A Hidden Benefit of Exercise
We all know that exercise is a key component of heart health. Even after diagnosis, most people will be given clearance to exercise, with or without restrictions. We all know we should do it. Some of us will exercise, some of us will not. I am here to give you one more incentive to exercise if you don’t, and one more reason to keep exercising if you already do.
One of the first questions you may want to ask is what type of exercise am I talking about? For this benefit, you only need to do some form of physical activity that raises your heart rate. This can be cardio in any form or fashion, weight lifting, gardening, etc. As you can see, there is no specific exercise that can be used. The important part is you must be consistent with the exercise.
Consistency. What do I consider consistent? Doing the same type of exercise with the same intensity at least twice a week. Naturally, you do not need to be perfect in time and intensity. You do want to stay consistent in the type of exercise as the benefit is a comparison.
The biggest hidden benefit to exercise is the ability to tell when you are declining or have an issue in between doctor visits and tests. By consistently exercising, you will be able to compare each exercise session with previous ones to see if you feel any better or worse, specifically looking to see if you feel worse.
Signs that could save your life
It is great if you feel better, but feeling better is not necessarily going to be as dangerous as feeling worse. A sedentary lifestyle will make it much more difficult to tell if you begin to decline and serious problems can hit you without warning. Those with coronary artery disease may be able to tell when arteries are beginning to get to a critical level of blockage. If you have a reduced ejection fraction, you may be able to tell when you are about to have an issue and can potentially avoid it by taking extra precautions.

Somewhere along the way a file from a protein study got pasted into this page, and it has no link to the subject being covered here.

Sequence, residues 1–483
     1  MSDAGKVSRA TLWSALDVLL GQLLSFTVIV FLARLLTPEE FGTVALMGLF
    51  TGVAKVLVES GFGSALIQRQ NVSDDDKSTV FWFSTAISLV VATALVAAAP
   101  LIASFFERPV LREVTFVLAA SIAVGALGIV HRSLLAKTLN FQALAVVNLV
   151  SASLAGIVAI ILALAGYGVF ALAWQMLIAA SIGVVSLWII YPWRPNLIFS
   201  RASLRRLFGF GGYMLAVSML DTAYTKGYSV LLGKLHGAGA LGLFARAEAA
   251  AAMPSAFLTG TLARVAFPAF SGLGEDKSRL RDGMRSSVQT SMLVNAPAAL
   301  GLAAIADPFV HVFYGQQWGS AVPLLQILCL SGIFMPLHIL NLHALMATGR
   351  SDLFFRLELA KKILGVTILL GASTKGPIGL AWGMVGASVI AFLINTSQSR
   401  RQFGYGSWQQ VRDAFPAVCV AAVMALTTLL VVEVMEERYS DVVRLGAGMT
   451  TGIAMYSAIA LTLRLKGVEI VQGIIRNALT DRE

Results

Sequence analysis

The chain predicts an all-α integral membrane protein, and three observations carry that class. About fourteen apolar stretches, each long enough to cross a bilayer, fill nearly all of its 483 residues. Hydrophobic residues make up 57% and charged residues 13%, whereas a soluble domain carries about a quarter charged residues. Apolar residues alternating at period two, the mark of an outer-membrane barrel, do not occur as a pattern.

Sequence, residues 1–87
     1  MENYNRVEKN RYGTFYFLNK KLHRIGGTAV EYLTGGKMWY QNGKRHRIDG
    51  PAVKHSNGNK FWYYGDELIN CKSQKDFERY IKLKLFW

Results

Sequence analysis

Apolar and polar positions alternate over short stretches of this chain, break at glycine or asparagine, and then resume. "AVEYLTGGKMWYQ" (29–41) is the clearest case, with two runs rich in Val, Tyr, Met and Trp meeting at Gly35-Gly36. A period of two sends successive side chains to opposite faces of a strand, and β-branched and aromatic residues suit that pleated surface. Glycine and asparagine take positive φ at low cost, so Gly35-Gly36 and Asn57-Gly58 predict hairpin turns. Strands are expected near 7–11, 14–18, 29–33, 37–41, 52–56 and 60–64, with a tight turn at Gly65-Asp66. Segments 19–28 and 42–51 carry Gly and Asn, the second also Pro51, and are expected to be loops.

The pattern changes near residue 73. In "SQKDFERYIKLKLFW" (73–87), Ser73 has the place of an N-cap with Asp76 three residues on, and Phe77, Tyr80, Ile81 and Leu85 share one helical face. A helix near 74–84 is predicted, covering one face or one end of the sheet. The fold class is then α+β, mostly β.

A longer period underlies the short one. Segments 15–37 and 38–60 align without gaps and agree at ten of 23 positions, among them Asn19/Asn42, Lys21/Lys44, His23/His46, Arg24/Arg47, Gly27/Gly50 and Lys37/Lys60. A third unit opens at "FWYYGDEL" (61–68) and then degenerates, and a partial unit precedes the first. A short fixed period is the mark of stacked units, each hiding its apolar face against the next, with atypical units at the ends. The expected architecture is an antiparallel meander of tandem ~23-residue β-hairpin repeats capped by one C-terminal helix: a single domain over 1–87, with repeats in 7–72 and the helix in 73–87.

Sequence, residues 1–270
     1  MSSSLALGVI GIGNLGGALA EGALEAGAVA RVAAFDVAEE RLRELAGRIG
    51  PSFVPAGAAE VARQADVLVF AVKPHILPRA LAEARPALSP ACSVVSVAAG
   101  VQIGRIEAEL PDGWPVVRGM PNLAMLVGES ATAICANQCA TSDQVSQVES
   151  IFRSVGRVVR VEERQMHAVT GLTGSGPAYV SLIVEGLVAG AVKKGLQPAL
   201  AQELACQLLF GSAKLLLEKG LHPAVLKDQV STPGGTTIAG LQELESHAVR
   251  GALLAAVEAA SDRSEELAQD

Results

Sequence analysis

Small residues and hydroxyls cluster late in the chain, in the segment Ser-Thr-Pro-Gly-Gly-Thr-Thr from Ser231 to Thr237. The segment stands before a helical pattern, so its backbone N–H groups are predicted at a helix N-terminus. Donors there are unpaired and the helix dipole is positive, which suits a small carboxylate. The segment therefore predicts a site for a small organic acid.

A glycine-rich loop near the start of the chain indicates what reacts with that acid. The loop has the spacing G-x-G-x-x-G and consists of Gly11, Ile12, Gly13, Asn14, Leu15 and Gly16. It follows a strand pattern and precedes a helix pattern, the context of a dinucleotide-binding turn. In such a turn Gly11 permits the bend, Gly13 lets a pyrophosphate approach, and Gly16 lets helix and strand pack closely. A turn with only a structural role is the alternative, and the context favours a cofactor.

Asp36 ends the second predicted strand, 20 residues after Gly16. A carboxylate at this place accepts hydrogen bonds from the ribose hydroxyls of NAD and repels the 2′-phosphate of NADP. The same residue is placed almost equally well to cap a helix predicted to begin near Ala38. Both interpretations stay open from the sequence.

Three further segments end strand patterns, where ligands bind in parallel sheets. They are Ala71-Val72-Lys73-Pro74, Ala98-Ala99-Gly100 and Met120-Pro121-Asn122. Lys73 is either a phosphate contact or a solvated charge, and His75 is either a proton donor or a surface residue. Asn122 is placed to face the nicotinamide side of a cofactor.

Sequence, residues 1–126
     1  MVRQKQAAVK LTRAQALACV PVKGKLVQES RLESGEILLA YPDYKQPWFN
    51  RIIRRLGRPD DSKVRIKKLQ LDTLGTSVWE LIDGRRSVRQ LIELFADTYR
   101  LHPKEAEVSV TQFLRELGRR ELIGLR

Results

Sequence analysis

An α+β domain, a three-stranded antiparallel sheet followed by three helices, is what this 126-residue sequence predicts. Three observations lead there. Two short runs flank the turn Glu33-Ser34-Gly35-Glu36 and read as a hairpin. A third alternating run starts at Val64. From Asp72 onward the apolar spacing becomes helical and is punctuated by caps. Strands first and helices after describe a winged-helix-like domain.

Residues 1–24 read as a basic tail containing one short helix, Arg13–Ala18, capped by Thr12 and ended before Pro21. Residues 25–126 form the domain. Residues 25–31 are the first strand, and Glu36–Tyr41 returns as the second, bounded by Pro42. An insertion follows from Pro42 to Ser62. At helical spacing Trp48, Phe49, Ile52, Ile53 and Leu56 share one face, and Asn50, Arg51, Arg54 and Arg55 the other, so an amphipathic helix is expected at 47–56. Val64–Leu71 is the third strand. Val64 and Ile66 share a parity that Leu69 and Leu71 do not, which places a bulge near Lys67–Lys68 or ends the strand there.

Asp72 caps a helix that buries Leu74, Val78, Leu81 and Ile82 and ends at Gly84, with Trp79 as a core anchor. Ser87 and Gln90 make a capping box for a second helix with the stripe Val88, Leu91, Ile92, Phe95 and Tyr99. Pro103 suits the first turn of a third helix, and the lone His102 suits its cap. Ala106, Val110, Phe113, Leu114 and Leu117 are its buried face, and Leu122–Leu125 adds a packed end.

Of course, this is not an exact diagnostic tool, but it is a good benefit of regular exercise. There are a lot of diagnostic tests your doctor may not utilize because at rest you show no symptoms or need for the test. These tests can include a stress test or cardiac catheterization amongst others. Some of the tests are not indicated unless you have symptoms that warrant the test. If you do not exercise, you could miss signs that could save your life.
A plan for the long run
We all know heart failure complications can hit hard and fast. If you had a way to predict when symptoms may hit you, would you want to know that? Of course, you would! I am giving you a tool to help you learn your body and predict symptoms before they wipe you out for a day, a week, or longer. As I said, the type of exercise does not matter, so long as you are doing something consistently. Find out restrictions from your doctor and create a workout plan that you will enjoy and stick in the long run. It could very well save your life!
Do you use exercise to help manage your heart failure?